What you ask of us also grows with examination. In my personal case, I said aloud, my whole life, what I want. “All I ever wanted was peace and quiet” came out of my mouth a hundred times or more. Sounds simple, doesn’t it? Not so. I go through stages in getting there. First, I had to turn down the “noise” in my mind by finding and beginning to heal the dysfunctions that took away my sanity. Once I could think straight, it took years to notice what I wanted and needed in my life, even though part of me had always known. I have found enough peace and quiet to be satisfying, but I continue to listen, study, and work on all this. I found my particular healing path almost by accident 28 years ago. Keep your commitment, but expect to make gradual progress with some painful lessons. You write fiction, but there are necessary differences between fiction and real daily life. Study them. Dramatic climaxes are mostly fiction. I have had turning points, but almost all of them were course corrections. None were 180 degree pivots. Those turning points have added up to a far more rewarding life.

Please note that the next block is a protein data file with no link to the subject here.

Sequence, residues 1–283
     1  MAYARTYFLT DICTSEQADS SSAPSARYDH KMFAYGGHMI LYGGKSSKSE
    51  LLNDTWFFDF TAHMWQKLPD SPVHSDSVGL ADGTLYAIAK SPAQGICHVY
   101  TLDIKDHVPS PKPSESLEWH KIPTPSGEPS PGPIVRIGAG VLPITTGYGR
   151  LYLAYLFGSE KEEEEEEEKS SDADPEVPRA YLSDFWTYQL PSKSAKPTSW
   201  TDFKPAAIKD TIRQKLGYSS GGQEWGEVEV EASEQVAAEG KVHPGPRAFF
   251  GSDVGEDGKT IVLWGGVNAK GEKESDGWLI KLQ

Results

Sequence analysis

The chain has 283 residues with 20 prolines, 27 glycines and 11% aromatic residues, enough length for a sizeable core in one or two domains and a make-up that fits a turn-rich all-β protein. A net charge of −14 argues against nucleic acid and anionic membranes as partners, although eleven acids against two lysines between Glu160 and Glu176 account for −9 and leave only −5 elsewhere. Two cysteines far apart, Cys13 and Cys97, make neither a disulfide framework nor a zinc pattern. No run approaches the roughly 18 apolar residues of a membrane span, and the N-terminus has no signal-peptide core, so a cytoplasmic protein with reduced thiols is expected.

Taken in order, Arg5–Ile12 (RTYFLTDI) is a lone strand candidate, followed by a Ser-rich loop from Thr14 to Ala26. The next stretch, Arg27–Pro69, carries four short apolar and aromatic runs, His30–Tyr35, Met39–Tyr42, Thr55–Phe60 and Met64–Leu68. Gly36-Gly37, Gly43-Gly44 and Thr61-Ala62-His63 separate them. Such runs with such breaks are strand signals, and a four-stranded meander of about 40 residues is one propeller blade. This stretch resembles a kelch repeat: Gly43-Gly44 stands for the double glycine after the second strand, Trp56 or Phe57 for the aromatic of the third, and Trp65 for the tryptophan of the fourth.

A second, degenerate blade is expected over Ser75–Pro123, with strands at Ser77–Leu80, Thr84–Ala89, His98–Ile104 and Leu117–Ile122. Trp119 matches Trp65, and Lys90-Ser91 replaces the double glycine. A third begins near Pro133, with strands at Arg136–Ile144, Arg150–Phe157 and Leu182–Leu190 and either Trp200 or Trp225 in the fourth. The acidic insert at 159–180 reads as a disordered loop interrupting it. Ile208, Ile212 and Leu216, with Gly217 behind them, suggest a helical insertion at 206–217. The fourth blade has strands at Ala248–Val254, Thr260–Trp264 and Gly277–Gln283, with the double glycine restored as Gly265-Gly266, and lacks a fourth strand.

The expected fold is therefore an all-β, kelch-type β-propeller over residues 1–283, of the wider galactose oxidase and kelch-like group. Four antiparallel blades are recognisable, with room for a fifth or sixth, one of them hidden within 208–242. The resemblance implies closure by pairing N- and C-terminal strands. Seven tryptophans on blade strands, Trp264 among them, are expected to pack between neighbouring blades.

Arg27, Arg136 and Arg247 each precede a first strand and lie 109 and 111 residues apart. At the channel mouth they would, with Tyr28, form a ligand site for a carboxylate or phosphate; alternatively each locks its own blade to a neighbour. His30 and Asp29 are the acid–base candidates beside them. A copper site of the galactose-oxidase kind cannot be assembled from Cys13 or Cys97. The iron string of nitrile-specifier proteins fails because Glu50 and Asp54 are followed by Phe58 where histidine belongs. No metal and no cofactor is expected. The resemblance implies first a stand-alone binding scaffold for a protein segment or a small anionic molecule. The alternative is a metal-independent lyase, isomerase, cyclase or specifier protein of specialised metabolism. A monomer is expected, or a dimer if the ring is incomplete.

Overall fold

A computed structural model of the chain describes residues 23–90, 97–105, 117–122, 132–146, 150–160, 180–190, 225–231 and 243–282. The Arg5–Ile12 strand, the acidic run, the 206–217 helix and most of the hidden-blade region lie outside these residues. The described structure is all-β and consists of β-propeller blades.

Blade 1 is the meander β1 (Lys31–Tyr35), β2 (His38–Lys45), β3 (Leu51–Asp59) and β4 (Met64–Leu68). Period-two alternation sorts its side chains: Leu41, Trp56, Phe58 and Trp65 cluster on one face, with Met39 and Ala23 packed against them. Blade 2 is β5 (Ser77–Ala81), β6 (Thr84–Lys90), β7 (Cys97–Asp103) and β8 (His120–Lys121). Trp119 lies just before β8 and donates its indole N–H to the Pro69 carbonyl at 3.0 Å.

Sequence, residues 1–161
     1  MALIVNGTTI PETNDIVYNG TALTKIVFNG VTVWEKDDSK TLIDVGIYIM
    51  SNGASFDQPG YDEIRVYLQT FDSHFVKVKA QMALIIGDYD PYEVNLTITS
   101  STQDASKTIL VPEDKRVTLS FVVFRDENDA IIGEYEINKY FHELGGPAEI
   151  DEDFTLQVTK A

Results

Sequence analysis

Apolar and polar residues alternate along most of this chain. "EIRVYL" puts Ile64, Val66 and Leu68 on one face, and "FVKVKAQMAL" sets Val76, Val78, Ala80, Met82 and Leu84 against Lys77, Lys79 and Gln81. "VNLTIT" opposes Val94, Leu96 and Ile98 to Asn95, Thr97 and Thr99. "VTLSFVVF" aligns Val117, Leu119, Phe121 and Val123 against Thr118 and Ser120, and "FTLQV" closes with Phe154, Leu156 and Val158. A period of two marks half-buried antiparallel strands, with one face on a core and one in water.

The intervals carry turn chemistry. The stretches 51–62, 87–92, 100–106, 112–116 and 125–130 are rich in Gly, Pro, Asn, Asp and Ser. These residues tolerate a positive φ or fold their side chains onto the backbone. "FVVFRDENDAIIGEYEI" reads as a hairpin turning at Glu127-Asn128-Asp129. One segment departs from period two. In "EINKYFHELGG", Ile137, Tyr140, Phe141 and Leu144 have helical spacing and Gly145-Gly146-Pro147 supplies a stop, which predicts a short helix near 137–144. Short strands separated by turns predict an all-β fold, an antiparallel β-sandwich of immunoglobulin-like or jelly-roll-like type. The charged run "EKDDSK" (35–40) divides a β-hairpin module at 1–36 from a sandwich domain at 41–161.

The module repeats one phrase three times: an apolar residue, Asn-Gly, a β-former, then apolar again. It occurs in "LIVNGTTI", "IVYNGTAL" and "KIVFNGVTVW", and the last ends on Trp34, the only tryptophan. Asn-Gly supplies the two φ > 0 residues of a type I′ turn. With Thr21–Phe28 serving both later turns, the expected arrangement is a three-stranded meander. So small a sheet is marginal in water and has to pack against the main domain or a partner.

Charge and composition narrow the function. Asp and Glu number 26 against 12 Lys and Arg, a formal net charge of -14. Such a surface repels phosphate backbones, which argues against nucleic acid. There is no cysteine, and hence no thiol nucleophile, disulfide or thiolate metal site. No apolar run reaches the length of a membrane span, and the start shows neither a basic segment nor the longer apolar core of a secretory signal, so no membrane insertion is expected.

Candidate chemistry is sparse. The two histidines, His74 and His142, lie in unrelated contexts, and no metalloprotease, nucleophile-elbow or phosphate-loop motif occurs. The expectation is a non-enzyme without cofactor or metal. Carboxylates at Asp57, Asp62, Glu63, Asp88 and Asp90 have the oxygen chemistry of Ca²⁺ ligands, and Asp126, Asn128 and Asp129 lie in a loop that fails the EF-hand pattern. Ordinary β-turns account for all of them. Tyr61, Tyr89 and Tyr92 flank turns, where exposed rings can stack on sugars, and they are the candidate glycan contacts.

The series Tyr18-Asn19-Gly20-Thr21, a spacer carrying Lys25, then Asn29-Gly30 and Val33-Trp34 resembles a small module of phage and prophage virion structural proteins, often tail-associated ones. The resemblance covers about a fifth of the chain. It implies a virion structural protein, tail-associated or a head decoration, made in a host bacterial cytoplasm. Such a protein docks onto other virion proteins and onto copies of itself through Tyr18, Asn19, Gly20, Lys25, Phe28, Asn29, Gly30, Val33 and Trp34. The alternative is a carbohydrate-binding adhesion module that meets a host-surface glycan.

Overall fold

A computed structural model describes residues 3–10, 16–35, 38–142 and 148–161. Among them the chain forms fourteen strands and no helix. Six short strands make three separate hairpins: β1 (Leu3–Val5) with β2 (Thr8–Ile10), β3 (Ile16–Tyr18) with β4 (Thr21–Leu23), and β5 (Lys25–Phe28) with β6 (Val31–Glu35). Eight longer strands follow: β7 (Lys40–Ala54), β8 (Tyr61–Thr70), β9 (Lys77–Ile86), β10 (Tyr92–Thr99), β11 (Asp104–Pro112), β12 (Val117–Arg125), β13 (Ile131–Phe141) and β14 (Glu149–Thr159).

10. I lost everyone I loved in two years. “Lost” as in seeing them die. It took that to make me realize that searching for rainbows and unicorns is foolishness. As you point out, what we have is this moment. Have I followed through? I’m still working on it, and you?

  11. Pazlo says:

    As I read your post I can’t help but think “blessed are the ignorant”.
    I don’t mean ignorant in any demeaning way, but one who is fortunate enough to have never known a thing.
    In your life, at this stage, a breakup with a girlfriend is a monumental tragedy. (I am not without sympathy for this.)
    I hope (and would pray if a Christian) that you may remain ignorant as long as possible, that you might never know some of the unspeakable things that befall us in the course of our lives.
    Count your blessings daily.

    Seek peace,

    Paz